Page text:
USA Hockey Magazine

June/July 2013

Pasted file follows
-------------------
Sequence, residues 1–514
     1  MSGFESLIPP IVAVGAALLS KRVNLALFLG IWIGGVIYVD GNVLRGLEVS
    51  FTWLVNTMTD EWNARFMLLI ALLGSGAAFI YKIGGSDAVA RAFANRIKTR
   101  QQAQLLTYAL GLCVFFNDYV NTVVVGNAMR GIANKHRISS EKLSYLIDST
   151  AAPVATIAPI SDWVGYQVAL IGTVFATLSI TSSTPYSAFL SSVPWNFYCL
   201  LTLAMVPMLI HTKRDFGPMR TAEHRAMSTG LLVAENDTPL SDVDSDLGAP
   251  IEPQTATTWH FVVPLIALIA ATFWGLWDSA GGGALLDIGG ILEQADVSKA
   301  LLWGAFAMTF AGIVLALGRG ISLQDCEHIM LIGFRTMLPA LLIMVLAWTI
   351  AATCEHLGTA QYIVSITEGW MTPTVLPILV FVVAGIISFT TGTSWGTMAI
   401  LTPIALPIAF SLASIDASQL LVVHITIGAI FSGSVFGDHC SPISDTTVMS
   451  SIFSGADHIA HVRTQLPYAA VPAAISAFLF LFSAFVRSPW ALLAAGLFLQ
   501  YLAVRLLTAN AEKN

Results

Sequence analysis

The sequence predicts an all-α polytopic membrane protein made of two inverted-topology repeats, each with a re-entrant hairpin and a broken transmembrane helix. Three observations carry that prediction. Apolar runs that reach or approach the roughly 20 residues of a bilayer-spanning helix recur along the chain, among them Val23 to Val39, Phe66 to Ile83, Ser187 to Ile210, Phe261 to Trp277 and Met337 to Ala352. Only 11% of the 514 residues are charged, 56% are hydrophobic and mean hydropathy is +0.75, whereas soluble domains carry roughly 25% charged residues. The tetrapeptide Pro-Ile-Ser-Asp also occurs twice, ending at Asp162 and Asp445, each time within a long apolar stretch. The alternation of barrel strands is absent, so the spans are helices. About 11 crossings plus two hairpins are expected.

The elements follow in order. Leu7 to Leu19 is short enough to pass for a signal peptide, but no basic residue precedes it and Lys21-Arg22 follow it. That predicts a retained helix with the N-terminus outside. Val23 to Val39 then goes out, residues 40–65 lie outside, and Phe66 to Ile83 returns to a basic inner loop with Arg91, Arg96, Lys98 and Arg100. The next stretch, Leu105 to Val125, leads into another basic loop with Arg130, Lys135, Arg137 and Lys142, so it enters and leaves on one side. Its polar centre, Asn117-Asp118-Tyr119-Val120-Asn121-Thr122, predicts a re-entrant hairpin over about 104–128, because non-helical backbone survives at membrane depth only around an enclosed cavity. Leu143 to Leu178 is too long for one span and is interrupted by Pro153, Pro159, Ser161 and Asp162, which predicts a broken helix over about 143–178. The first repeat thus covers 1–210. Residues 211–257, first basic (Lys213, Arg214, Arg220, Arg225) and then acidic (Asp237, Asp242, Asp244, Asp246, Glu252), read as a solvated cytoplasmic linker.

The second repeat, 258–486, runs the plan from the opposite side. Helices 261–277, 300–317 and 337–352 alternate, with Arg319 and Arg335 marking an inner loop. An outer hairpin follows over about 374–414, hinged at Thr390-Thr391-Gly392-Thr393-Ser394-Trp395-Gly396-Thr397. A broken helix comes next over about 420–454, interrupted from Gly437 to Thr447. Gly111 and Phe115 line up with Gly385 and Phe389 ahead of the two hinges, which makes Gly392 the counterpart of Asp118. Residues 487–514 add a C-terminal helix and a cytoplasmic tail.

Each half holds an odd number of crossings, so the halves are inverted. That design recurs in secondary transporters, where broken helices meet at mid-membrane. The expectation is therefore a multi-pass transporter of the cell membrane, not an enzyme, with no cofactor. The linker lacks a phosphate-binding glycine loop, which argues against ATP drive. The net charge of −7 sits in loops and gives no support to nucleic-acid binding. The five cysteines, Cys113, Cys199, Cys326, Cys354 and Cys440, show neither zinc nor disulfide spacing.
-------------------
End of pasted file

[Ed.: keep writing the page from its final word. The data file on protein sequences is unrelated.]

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the Meek Shall Inherit the Ice Parity Keeps Crashing College Hockey's Biggest Party As Small Schools Make Big Waves At The Frozen Four // By JESS MYERS he NCAA Frozen Four is a gathering where childhood dreams come true on an annual basis. When the nation's top quartet of college hockey teams hook up at a neutral site, only one gets to go home with a shiny gold trophy. Going back to the 1950s, when college hockey was a relatively new thing, the "usual suspects" like powerhouses Michigan, Boston College, Denver and North Dakota have dominated the game. But every now and then, a smaller school – one of those institutions of higher learning that doesn't have a football or basketball team playing on national TV every weekend – would crash the party. Tiny Colorado College, with fewer than 2,000 students, won a pair of titles in the 1950s. Michigan Tech, known as much for its geographic isolation as for its renowned engineering school, beat Boston College and Minnesota to claim two of the Huskies' three national titles. RPI, another renowned engineering school of limited enrollment, won a title in the 1950s and another in the '80s. When Lake Superior State beat St. Lawrence in the 1988 title game, the combined enrollment of both schools would've filled less than five percent of Michigan's football stadium. The Lakers would go on to win two more titles in the 1990s, but then head coach Jeff Jackson's teams would be the last of the "small miracles" for more than a decade. From 1995 until the end of the 2000s, the Frozen Four was all but the exclusive property of the "big" schools, as Boston University, Michigan, North Dakota, Maine, Minnesota, Denver, Wisconsin and Michigan State claimed every Frozen Four crown for more than 15 years. It wasn't until 2009 that tiny Bemidji State made a notable splash in the college hockey world, upsetting Notre Dame and Cornell to reach the Frozen Four in Washington, D.C. While the Beavers did not advance to the title game, they may have provided a roadmap for smaller schools to compete, and beat, the "big boys" on the national stage. A year later it was Rochester Institute of Technology playing the underdog role, beating Denver and New Hampshire, and 20 June/July. 2013 USAHOCKEYMAGAZINE.COM advancing to the Frozen Four in Detroit. In 2011, Minnesota Duluth ended the "big school champs" trend, beating Michigan in overtime for the Bulldogs' first NCAA title. A year later in Tampa it was another set of Bulldogs – the ones from Ferris State – taking their underdog act all the way to the national title game, where they fell to Boston College. This spring it was a "hockey first" party in downtown Pittsburgh with a quartet of non-traditional powers competing for their first national title. St. Cloud State, UMass Lowell and Quinnipiac had never before advanced that far. Yale had been to the Frozen Four just once, in 1952, and eventually prevailed by shutting out Quinnipiac in the title game. Is it a fad, or indicative of the new world of college hockey that so many of these smaller schools are seeing success on the national stage? "I think the parity is here to stay," says RPI coach Seth Appert, who has experienced both large- and small-school hockey programs as a player at Ferris State and as an assistant coach at the University of Denver. Time and again, Appert has seen younger players – those making college commitments when they're 15 or 16 – "make decisions with their eyes" and choose the flash of a high-profile school that they see on TV over the smaller school experience. By contrast, Photos By Larry Radloff

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